I grabbed a good bit of food at Mink Hollow aid station (38 miles) including some really amazing pierogies! I filled up and headed up the longest climb of the day - Plateau Mt. I felt like I ran this up really well - I used my arms a lot, and kept a really steady pace. Heading down Plateau however, I had a slight fall - not my first of the day, but definitely my worst! I stepped on an unstable rock, which tipped my ankle and made me step on a small log which spun and sent me headfirst into a tree! Thankfully, I managed to save my head, but slammed my arm into the tree. I laid there for a second, it was really painful! Couldn't stay there forever though, so I got up and headed into Silver Hollow aid station. There I grabbed some sandwiches and headed out quick. I asked how far ahead the next guy was - just for a goal - but they told me he was at least 20 minutes up... oh well - I could still race the clock!
I headed out and down across the nice large creek crossing and up the switchback towards Mt. Tremper. When I left the last aid they told me 5 miles to the next, and I was banking on this as I got closer. Hunger was making a pit in my stomach, but I really did not want a gel so I waited, and I waited, and wtf, I waited. About 6 or 7 miles in, I realized, the aid station wasn't there - I figured in my mind that they got lost, they didn't make it there in time, and they weren't gonna be there, I had to go the rest of the way without aid (not counting the aid at the bottom of the road, a mile from the finish). This took a heavy toll on my mental state, and my waiting for food took a toll. I bonked harder than I think I ever have. I thought I might pass out, I got so weak and stumbled everywhere. I took my last two gels immediately, one after the other, hoping they would kick in soon, as I tripped over pebbles and leaves. I've never felt like this running. I focused on keeping it together, hoping Mt. Tremper firetower would come into sight soon. It took so long... seriously forever. But eventually, I heard voices - the aid station was here! I grabbed some cookies and complained probably a little too much about their mislocation... (sorry!) and was on my way.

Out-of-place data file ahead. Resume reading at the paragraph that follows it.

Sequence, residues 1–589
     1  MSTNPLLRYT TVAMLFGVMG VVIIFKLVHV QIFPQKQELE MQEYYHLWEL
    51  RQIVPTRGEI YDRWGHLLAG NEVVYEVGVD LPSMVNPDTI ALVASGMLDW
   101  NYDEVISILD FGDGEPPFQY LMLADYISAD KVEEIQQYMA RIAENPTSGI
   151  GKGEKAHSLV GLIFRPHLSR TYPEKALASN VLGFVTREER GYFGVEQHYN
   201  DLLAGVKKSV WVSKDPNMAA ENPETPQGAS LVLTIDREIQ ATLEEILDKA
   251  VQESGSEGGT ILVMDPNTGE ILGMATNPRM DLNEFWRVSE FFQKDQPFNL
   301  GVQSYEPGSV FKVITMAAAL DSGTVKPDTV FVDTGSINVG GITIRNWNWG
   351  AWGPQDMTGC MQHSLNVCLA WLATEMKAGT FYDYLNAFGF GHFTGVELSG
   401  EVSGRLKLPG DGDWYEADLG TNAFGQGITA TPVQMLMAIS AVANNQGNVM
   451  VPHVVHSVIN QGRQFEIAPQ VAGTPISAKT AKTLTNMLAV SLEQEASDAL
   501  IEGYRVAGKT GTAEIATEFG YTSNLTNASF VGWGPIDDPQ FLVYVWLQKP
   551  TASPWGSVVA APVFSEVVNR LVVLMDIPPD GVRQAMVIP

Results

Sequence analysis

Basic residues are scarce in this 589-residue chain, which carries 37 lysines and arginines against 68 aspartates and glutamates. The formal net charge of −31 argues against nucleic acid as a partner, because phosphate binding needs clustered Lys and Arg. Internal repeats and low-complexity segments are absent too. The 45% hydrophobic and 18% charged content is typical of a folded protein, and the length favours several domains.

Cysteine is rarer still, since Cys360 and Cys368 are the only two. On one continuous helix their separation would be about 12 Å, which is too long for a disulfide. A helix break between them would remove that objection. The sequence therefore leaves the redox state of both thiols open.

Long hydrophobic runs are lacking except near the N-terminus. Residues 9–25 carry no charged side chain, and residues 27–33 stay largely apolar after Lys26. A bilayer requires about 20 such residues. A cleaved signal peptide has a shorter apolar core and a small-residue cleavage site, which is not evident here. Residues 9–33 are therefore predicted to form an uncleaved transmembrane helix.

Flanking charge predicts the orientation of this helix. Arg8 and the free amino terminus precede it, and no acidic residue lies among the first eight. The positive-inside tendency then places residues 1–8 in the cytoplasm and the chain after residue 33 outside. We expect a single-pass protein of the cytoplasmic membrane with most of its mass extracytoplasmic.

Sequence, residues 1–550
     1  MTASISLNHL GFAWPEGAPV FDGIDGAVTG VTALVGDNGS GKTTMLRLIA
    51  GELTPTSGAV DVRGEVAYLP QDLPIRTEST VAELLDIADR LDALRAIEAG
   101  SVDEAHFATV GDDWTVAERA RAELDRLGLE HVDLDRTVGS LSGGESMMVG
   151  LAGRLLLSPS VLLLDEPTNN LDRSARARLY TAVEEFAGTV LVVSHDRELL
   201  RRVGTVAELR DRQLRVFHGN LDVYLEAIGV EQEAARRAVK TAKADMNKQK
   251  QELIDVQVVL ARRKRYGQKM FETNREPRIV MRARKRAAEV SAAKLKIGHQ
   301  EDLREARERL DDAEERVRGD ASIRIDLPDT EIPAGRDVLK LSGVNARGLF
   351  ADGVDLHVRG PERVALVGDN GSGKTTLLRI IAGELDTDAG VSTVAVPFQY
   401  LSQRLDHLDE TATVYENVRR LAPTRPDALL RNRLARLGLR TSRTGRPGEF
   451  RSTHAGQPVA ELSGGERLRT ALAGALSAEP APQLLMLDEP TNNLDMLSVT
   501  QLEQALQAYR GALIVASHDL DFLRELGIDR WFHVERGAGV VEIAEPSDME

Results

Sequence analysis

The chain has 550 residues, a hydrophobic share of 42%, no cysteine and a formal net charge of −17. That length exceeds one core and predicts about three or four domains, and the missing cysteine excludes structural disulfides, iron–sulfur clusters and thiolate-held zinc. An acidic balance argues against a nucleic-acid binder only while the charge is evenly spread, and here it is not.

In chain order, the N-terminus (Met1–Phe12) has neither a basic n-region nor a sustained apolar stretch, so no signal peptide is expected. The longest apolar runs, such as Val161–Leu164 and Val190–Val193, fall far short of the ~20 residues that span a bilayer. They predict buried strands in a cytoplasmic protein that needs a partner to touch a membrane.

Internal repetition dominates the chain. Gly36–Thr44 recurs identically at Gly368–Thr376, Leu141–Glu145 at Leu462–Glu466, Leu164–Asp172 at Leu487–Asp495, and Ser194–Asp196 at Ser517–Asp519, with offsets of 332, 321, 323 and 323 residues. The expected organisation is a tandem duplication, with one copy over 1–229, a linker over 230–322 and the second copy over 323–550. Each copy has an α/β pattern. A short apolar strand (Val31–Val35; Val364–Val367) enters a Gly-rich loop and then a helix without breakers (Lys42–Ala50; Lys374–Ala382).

The descent started out a little difficult as my legs still felt like jelly and I didn't trust them too much. I gradually opened my stride a bit and tried to get this rocky down over with. Soon I heard Jeff yelling and him and Becky came into sight. Jeff said, "we didn't expect you for a while yet!" which was very encouraging. I hit the road and pushed out the mile to the finish.
Into the finish
I finished 7th and 1st female, about 55 minutes faster than last year. The cooler temps definitely played a part, but I am very happy about how much smarter I ran.
For the race, I wore my Trailroc 226s, which I am so impressed with after this race. I love lightweight shoes, and was quite used to how quickly most have worn out, but these shoes are amazing - they don't look they've worn at all! I used to be a big New Balance fan (101s and 1010s), but those shoes fell apart almost instantly on the trails I run on - these Trailrocs though, have definitely withstood the test - I love them even more! They also had great traction, and drained water exceptionally well.
I also wore the new Race Ultra Vest, which was perfect for this race. I'm not traditionally a pack wearer, preferring to go lightweight, with only a bottle, but I'm starting to rethink this. I hardly noticed wearing the Race Ultra, it was so light and comfortable! I love the location of the bottles, and how easy they are to access, the pockets were also very ideal for storing gels. I removed the hydration bladder, making it even lighter, and for this race I didn't miss it.
Another essential that deserves a mention is the inov8 wrag. I wore one on my wrist for this race and used it often. Whenever I hit a stream, I simply pulled it off my wrist beforehand and dunked it in as I went through. This played a large part in keeping me cool, as I moved on and wiped my face and squeezed water over my head. It also was much quicker than stopping and splashing in a stream as I have done before.
After I finished, I ate way too much good food and then went up on the hill with Becky and Jeff to wait for David. He came down before dark and did awesome - basically he was dead last at one point and ended up finishing before dark and in 28th place! He stayed amazingly strong - mentally and physically! I'm so proud.
Central PA trail runners had an awesome day!
All in all, I thank my sponsor inov8 for all the awesome gear, and mostly I thank my crew Becky and Jeff - I know it was difficult for them, with all the confusion with David, but they were awesome! It seriously means so much to me that they come out here to these races - I can't thank them enough!
Love these kids :D
After this race - I feel much better mentally. Hardly running hills in preparation and not being too much in shape, I still managed to run smart and stay strong, and that's encouraging. My legs are pretty sore this week, as is my shoulder/arm that got whacked by the tree (I've got a pretty sweet bruise though!), but I'm really excited to start training for Eastern States 100, the next race on the agenda!